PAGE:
In many cases, divorce can be a very traumatic or unsettling life experience. But when you add an uncertain economy and inflation to the mix, divorce can be a taxing time, in more ways than one.

In my practice and those of my colleagues, we have seen the effects on divorce in almost every type of economic environment. We have had to adjust our strategies or our compromises accordingly. And the current economy is one of those times that calls for specific actions for specific conditions.

For example, in today’s economic conditions, there are several major divorce issues that are related directly to inflation and economic downturns. These include home mortgages, the value of retirement and non-retirement assets, and the cost of living as it relates to child and spousal support. 

First, take what is happening in the real estate market. With interest rates up, purchasing, selling or refinancing a home, which is usually one of largest assets in a divorce cases, is much more difficult. If one spouse wants to buy the other’s share in the home, issues will rise about a possible fluctuating home value or having to refinance with today’s interest rates.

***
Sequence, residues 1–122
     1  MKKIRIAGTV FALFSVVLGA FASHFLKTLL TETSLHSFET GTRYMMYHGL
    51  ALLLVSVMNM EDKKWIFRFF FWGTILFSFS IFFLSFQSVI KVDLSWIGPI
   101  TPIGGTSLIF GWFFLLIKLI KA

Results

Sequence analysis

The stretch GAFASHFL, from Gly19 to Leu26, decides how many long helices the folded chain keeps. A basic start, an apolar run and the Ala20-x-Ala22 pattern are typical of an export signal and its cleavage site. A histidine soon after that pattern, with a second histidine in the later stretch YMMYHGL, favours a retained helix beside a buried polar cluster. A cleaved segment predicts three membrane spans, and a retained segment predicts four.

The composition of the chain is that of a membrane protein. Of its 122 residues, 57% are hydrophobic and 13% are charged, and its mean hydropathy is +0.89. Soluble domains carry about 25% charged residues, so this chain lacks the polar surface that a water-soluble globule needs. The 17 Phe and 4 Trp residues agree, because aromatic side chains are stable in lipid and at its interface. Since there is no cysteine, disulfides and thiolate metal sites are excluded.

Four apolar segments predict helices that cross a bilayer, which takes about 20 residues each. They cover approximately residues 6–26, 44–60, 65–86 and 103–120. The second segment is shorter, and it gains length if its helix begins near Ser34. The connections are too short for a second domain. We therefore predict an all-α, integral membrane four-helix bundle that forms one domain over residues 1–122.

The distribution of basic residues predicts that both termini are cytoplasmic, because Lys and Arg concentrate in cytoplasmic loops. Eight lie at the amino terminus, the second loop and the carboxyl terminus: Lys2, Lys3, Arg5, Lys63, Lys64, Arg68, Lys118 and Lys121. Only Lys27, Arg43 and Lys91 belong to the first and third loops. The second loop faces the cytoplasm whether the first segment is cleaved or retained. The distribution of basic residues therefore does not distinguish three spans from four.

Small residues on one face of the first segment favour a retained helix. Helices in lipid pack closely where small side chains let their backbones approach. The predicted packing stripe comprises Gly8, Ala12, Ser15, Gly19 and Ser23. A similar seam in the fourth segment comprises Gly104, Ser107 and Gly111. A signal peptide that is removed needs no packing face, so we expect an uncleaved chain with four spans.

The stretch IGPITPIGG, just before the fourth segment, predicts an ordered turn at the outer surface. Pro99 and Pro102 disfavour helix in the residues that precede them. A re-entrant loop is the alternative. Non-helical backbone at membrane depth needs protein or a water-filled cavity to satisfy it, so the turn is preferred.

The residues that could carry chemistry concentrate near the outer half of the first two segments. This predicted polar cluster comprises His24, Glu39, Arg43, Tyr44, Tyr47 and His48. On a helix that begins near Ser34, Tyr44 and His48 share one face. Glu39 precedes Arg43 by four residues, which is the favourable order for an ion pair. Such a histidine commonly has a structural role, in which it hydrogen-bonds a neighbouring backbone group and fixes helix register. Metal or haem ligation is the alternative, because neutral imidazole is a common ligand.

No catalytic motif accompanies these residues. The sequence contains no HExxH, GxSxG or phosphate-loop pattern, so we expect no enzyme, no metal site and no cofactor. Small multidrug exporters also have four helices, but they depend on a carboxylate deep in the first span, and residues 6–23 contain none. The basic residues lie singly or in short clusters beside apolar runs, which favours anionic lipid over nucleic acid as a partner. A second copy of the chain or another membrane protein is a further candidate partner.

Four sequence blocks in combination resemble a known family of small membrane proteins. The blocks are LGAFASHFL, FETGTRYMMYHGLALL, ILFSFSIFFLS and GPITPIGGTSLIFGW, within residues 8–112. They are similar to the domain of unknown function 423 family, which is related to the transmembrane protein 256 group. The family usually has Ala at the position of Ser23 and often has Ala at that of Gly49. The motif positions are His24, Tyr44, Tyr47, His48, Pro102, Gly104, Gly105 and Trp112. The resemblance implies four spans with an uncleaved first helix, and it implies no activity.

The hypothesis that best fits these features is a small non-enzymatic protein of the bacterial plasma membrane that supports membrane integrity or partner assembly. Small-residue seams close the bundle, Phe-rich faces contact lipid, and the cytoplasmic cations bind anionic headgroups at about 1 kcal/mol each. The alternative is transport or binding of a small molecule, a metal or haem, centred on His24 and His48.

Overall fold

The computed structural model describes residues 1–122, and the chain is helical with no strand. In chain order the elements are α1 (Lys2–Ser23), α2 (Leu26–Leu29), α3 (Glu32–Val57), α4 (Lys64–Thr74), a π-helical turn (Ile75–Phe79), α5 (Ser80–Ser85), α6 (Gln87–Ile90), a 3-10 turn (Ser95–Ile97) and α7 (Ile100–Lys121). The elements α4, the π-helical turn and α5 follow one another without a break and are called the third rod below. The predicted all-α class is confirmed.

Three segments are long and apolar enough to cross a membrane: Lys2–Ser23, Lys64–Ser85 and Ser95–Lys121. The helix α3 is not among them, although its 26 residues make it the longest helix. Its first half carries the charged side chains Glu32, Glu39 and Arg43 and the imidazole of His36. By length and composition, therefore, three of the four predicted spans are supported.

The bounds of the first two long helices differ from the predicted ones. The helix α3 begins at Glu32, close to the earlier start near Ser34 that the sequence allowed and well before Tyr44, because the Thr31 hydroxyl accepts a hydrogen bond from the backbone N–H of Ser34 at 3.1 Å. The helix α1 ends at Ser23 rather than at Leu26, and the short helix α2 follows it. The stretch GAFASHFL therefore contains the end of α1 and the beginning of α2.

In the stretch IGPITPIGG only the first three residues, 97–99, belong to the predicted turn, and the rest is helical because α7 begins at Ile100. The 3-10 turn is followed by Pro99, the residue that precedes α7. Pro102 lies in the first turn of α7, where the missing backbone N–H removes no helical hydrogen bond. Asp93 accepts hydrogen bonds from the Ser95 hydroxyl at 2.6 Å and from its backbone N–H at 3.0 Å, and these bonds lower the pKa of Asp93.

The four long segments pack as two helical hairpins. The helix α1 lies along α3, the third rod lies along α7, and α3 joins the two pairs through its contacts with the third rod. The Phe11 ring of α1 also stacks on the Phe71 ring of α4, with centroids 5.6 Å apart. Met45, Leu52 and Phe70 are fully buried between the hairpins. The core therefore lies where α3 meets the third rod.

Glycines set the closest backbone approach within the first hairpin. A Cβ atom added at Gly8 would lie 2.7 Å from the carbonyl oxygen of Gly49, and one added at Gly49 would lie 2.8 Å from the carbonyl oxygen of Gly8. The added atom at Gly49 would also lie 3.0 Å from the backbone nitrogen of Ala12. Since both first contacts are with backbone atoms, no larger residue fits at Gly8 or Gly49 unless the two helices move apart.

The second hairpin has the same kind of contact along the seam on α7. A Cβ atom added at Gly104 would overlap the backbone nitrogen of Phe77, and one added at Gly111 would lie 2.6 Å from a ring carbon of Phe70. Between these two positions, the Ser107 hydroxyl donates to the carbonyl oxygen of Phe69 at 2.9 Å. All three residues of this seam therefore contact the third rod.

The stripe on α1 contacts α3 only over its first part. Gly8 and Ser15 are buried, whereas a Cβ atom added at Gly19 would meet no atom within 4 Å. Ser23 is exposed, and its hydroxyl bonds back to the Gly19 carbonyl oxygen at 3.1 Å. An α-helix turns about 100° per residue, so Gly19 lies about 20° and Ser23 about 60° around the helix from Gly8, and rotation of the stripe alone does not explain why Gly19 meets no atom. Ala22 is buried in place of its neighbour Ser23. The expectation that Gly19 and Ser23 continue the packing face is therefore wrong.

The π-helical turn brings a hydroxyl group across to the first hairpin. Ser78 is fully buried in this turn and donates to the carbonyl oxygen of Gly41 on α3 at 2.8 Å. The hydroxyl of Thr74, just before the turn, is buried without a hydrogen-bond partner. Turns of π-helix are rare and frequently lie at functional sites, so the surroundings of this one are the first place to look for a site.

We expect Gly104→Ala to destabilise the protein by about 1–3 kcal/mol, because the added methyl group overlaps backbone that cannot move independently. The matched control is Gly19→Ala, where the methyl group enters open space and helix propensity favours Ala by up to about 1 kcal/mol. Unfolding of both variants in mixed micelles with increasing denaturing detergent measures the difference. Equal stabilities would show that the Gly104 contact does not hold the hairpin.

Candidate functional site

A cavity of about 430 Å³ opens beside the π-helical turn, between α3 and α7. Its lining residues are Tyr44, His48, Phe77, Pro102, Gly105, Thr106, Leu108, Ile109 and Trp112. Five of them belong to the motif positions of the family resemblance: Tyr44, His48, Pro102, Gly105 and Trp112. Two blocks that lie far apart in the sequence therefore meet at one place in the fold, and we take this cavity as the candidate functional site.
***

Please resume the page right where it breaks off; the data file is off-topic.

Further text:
When you look at how the stock market has dropped over the year, the current value of financial assets in regular financial accounts and in retirement vehicles are not what they were.

Then with the higher cost of living, items like rent, food, clothing, home maintenance, transportation could easily raise the amount for spousal or child support, more so than it would perhaps a year ago. 

We have used, or at least seen, a few specific strategies in divorce settlements during times like these. In some cases, couples have delayed divorce, waiting for lower inflation and interest rates, before proceeding with an official split. The problems that arise with this strategy is that it is impossible to time the financial markets, plus the mental and emotional stress of remaining married could be too great.

Another strategy is to sell the home, which again could be difficult, split the proceeds, and divide all of the assets so that both parties share equally in the market risks.

Finally, there is another strategy used by couples who simply cannot afford to live apart. Obviously, it is more costly to run two households than one. So instead of divorcing, couples can sign a postnuptial agreement or legal separation agreement. The couple figures out a way to live together (upstairs or downstairs or utilizing a small nearby apartment) where they can share child care and they can also stay on the family health plan.

Every party needs an experienced family law attorney when considering divorce, but when economic times are tough, like today, it really makes sense to hire an attorney who is Board Certified in Marital and Family Law.